Someone who claims to be a Microsoft engineer has chosen Pastebin to express his outrage against the Redmond giant’s inability to explain to consumers how the always online model of the Xbox One could have benefited them.
The angst filled note comes a day after Microsoft took a U-turn by backing off plans for the Xbox One consoles to require Internet connections and put restrictions on playing second-hand disk games after wide spread outrage among the media and gaming community and the good response to PlayStation 4 pre bookings that does not have any such restrictions.
The engineer acknowledges backlash amongst game publishers and says that the used gaming industry was killing game developers whose only source of revenue was from game buyers.
He then talks about the Family Sharing feature of the Xbox One that has now been removed after Microsoft announced a change in its policies.
The Family Sharing feature enabled Xbox One owners to share game libraries with anyone they deemed to be family, no matter where they were located. He also gives details that were not previously revealed by Microsoft.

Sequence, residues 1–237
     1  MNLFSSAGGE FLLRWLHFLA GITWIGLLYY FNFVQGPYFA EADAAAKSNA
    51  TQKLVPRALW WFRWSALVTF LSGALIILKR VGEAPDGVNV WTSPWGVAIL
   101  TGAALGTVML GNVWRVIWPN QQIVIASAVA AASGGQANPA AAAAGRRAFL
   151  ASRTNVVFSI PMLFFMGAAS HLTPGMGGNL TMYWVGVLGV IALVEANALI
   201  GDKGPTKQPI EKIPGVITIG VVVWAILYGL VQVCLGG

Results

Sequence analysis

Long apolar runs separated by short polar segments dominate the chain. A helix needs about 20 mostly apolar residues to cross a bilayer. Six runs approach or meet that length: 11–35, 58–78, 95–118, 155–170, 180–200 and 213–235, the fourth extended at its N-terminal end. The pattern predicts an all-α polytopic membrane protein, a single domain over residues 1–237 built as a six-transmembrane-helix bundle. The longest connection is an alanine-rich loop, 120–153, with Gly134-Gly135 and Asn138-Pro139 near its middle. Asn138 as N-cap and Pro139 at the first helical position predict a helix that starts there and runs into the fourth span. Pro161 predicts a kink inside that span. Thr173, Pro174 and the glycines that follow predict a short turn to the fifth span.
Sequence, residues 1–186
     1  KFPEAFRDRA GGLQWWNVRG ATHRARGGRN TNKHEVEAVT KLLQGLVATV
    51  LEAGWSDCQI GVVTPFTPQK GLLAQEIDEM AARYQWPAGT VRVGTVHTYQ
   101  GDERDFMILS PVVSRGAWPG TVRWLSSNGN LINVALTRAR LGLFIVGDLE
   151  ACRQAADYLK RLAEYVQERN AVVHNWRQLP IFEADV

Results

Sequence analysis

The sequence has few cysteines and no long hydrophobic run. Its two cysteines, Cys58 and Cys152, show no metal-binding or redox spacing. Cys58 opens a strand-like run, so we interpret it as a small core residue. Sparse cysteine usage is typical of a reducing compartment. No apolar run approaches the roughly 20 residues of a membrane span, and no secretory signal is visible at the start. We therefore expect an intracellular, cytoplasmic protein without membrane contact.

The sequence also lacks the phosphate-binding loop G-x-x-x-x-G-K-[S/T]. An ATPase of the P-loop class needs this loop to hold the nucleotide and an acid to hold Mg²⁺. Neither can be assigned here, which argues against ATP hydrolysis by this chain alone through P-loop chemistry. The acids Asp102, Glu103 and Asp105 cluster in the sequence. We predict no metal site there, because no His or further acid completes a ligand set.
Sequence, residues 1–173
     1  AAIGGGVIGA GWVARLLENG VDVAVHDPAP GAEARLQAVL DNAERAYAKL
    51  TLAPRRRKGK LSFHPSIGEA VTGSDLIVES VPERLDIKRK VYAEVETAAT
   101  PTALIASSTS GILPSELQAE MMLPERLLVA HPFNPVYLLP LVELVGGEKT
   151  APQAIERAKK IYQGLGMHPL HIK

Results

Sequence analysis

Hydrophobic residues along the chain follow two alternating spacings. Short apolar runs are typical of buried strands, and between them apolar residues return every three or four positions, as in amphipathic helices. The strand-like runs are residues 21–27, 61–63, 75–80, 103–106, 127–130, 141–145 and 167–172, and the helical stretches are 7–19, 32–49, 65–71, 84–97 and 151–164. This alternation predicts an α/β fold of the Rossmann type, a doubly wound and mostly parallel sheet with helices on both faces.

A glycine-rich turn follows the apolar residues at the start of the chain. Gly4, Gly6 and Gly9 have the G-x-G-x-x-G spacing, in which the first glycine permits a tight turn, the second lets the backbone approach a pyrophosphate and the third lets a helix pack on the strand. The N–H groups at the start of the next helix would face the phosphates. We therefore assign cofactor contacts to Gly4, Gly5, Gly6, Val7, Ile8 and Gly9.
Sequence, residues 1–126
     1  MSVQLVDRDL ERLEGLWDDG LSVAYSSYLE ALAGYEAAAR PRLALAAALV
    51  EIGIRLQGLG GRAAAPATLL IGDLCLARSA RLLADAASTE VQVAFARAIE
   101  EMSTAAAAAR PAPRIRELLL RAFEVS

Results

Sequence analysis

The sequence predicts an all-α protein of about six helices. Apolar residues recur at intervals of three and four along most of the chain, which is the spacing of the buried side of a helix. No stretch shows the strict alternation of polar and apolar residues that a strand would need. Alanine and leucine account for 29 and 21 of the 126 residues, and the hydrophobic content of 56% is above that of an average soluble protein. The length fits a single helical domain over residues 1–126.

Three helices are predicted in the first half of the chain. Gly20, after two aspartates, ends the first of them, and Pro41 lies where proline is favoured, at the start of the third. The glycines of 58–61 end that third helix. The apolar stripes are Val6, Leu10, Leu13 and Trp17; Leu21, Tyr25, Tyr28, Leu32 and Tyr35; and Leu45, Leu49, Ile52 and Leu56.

According to the engineer, Family Sharing would only let family members access a “demo mode” of the game for between 15 mins and 45 mins, and in some cases an hour, after which it would stop and the user would be asked to purchase the full game.
He also added that Microsoft was thinking of limiting the number of times Family Sharing could be accessed for each game till it was purchased. He says that it would have generated revenue for developers and allow users to retain their progress in the game. He does mention that the feature might still be implemented at least for digitally downloaded games.
The engineer goes on to talk about another feature that Microsoft didn’t speak about, mentioning that the company was building a ‘natural social network’ with Xbox One, so that gamers could post their high scores, show off their best Game DVR moments, share what they’ve watched via Xbox TV and leave messages for others to read and respond through their account’s “home space” to without the need to use their laptops/ tablets or keyboard add-ons.
The engineer suggests that the Kinect 2.0 and Xbox One voice to text capabilities would be utilised for communication and though the network would be independent of Facebook or Twitter, there would be integration with the services. He reiterates Microsoft’s message that people who don’t prefer new add ons that make the Xbox One an entertainment consumption device should probably be happy with the Xbox 360.
- Disgruntled ‘Xbox engineer’ details unannounced game sharing and social features (theverge.com)
- “Xbox One is trying to revolutionize entertainment consumption” – Anonymous MS Responds to Xbox 180 Decision (putthatback.org)
- ‘Heartbroken MS employee’ bemoans Xbox One changes (news.cnet.com)
- Heartbroken Microsoft Employee Anonymously Posts About Xbox One (wmpoweruser.com)